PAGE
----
Evelyn White writes about a lot more than nature, but her short essay “Black Women and the Wilderness” is one of the most powerful and succinct discussions I found of that difference of experience. She shares her intense fear at even the idea of going out outside the city, through a recollection of summers spent in a genteel and bucolic setting, the kind most writers covet, teaching at a mountainside writers workshop in Oregon’s Cascade Mountains. Showing through personal history why she was unable to join the students and other teachers in their daily excursions out into the woods and onto the river, even though she may have had even stronger yearnings than them to connect with what’s out there.
“My genetic memory of ancestors hunted down and preyed upon in rural settings counters my fervent hopes of finding peace in the wilderness. Instead of the solace and comfort I seek, I imagine myself in the country as my forebears were—exposed, vulnerable, and unprotected—a target of cruelty and hate.”
When she finally gets up the nerve to go on a river trip with her colleagues, her presence results in the boatman turning them down, claiming there are no more boats. So they go on foot, into the woods.
Lauret Savoy is a geologist who teaches at Mt. Holyoke, and writes about landscape through a prism of deep history. Her book Trace is memoir through the mirror of environment, tracing her lifelong connection with the study of the land in parallel with her coming of age as one of its inhabitants, a woman of mixed African, indigenous and European ancestry whose childhood cognizance of racial identity she describes as being imposed on her long after she had looked at her skin in the California sun as a young girl, and connected her soul to the American rock through a family trip to Grand Canyon’s Point Sublime. Savoy writes with an easy grandeur grounded in a compelling personal story, suggesting the draw of natural history as an escape from racism: “nature wasn't something that would hate me.”
“Human experience and the history of the American land itself have, in fragmented tellings, artificially pulled apart what cannot be disentangled: nature and ‘race.’ It’s important to make connections often unrecognized, to trespass supposed borders to counter some of our oldest and most damaging public silences. There are so many poorly known links between place and race, including the siting of the nation’s capital and the economic motives of slavery. None of these links is coincidental. Few appear in public history. Many touch me—and you.”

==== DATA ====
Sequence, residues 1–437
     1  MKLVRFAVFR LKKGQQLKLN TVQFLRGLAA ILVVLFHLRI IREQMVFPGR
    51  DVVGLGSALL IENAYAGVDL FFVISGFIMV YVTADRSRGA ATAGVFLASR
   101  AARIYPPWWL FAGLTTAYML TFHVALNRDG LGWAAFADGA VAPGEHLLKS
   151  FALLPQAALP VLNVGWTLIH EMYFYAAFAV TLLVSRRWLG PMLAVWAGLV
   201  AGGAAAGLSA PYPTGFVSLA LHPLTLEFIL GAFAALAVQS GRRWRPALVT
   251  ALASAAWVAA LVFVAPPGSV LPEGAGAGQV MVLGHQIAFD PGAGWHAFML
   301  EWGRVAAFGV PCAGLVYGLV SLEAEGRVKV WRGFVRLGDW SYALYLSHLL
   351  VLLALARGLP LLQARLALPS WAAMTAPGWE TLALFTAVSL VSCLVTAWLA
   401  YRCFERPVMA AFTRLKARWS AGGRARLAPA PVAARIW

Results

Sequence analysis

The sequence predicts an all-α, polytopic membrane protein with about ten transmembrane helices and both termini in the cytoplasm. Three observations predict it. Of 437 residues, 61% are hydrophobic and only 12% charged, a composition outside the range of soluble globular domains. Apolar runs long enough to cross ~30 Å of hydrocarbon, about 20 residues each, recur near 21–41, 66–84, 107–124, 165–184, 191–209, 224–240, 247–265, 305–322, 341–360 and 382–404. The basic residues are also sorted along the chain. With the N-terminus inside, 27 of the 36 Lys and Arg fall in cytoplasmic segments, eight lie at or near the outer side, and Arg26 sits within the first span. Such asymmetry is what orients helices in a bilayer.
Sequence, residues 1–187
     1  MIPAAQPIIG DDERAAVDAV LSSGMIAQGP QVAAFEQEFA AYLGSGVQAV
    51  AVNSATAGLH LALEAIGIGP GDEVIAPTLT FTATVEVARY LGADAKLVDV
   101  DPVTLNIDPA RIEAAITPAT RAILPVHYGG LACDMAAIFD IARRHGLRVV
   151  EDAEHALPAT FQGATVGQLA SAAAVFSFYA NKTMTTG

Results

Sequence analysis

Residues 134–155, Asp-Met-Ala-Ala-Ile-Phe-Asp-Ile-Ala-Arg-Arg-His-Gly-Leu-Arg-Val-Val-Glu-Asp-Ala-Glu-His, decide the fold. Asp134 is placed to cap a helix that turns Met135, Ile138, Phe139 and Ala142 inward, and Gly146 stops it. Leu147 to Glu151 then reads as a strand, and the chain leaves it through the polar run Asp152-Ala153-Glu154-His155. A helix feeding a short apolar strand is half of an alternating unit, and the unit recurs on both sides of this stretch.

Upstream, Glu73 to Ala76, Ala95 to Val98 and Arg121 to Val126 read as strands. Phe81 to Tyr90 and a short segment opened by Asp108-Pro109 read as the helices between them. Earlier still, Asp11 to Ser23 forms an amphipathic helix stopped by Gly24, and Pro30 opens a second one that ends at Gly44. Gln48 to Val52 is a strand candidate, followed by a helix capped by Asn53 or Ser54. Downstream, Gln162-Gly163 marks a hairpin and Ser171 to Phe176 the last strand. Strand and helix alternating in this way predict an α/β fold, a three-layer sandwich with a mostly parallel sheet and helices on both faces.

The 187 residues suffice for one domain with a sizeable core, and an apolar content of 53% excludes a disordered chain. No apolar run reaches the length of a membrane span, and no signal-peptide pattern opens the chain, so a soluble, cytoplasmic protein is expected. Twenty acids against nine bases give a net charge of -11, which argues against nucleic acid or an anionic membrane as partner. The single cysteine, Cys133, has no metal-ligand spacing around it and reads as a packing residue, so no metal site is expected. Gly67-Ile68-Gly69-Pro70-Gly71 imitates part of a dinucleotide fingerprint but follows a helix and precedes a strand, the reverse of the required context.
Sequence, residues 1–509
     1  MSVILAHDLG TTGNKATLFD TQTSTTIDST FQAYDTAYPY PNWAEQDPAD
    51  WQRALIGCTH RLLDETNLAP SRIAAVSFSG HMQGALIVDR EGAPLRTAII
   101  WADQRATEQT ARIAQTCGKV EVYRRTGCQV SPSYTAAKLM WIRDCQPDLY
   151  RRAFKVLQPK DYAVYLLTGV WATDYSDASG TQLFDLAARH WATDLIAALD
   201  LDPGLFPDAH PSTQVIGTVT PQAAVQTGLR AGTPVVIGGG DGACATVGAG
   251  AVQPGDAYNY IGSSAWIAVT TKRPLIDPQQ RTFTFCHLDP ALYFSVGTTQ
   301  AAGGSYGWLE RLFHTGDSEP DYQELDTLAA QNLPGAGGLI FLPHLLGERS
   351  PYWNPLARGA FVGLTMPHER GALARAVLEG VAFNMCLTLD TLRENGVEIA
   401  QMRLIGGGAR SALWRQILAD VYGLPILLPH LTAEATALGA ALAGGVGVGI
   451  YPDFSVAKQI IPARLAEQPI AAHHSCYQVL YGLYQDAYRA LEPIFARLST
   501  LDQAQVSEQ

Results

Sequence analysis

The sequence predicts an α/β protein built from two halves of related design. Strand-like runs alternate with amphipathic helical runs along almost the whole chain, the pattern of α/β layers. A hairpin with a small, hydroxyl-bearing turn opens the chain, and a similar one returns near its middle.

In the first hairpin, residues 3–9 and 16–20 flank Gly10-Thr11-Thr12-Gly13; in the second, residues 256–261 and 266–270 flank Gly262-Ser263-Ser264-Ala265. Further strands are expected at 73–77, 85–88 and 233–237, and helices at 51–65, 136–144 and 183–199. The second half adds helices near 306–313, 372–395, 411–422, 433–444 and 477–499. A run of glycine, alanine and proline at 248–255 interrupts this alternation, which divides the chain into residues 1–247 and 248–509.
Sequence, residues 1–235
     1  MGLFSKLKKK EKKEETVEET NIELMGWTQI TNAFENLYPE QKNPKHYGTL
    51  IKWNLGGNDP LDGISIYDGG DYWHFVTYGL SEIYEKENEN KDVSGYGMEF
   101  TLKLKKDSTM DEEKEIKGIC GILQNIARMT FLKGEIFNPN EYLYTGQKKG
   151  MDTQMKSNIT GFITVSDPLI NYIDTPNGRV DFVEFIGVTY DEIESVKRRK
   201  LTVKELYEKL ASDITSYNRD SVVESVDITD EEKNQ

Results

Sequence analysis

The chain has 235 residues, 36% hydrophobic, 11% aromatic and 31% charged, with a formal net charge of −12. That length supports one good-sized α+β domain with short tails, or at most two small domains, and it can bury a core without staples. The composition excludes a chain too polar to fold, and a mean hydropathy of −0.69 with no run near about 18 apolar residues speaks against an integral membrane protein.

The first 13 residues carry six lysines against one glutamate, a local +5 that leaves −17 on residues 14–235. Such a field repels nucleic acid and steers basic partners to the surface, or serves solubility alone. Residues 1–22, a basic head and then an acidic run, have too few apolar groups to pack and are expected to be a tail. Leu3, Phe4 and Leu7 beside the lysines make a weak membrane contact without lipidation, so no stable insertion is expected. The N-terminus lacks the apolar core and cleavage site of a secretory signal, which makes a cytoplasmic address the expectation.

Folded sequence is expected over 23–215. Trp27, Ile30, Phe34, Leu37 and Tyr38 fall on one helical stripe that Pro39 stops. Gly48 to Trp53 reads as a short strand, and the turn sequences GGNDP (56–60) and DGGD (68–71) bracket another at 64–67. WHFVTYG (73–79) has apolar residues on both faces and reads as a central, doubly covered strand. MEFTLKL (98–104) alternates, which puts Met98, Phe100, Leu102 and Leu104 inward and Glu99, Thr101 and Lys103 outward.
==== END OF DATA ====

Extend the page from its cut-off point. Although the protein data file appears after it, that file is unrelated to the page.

Described by one reviewer as “John McPhee meets James Baldwin,” Trace won the American Book Award and the ASLE Environmental Creative Writing Award, and was a Pen Literary Award Finalist, shortlisted for the William Saroyan Prize, and nominated for several other notable prizes.
Eddy L. Harris
Eddy Harris is a St. Louis native who, at the age of 30 in the late 1980s, set out to canoe the full length of the Mississippi River—as a black man paddling solo. He chronicled this trip in his book Mississippi Solo, and then made the trip again 30 years later as a middle-aged man—this time with a camera crew, which produced the 2018 documentary River to the Heart. The epic trek on a route through the heart of America gives Harris’s book a powerful narrative line that lets all the parts of the story flow together—the personal journey, the intense social context, and the sublime natural history. Harris is a gifted storyteller who writes beautifully and perceptively, showing a keen self-awareness and eye for the character of others. Consider this passage, as he discusses his plans with an older mentor over whiskey:
Once I finish Mississippi Solo, I plan to dig into South of Haunted Dreams, Harris’s book about his even more courageous solo motorcycle journey through the Deep South, described as among the best books ever written about race in America.
I hope those of you who enjoy nature writing and the experience of the American outdoors will check these works out, and some of the other exemplars of this rich literature. They help us see how race is always there, even when there are no people around.
Further reading (and viewing):
Evelyn White, “Black Women and the Wilderness,” from Literature and the Environment: A Reader on Nature and Culture, edited by Lorraine Anderson et al. (1999), also collected in The Norton Book of Nature Writing (2002). Full text online here.
Lauret Savoy, Trace: Memory, History, Race and the American Landscape (2016).
Lauret Savoy and Alison Hawthorne Deming, eds.. The Colors of Nature: Culture, Identity, and the Natural World (2011).
Camille T. Dungy, ed., Black Nature: Four Centuries of African American Nature Poetry (2009).
— From “I am Black and the Trees are Green,” by E. Ethelbert Miller, collected in Black Nature.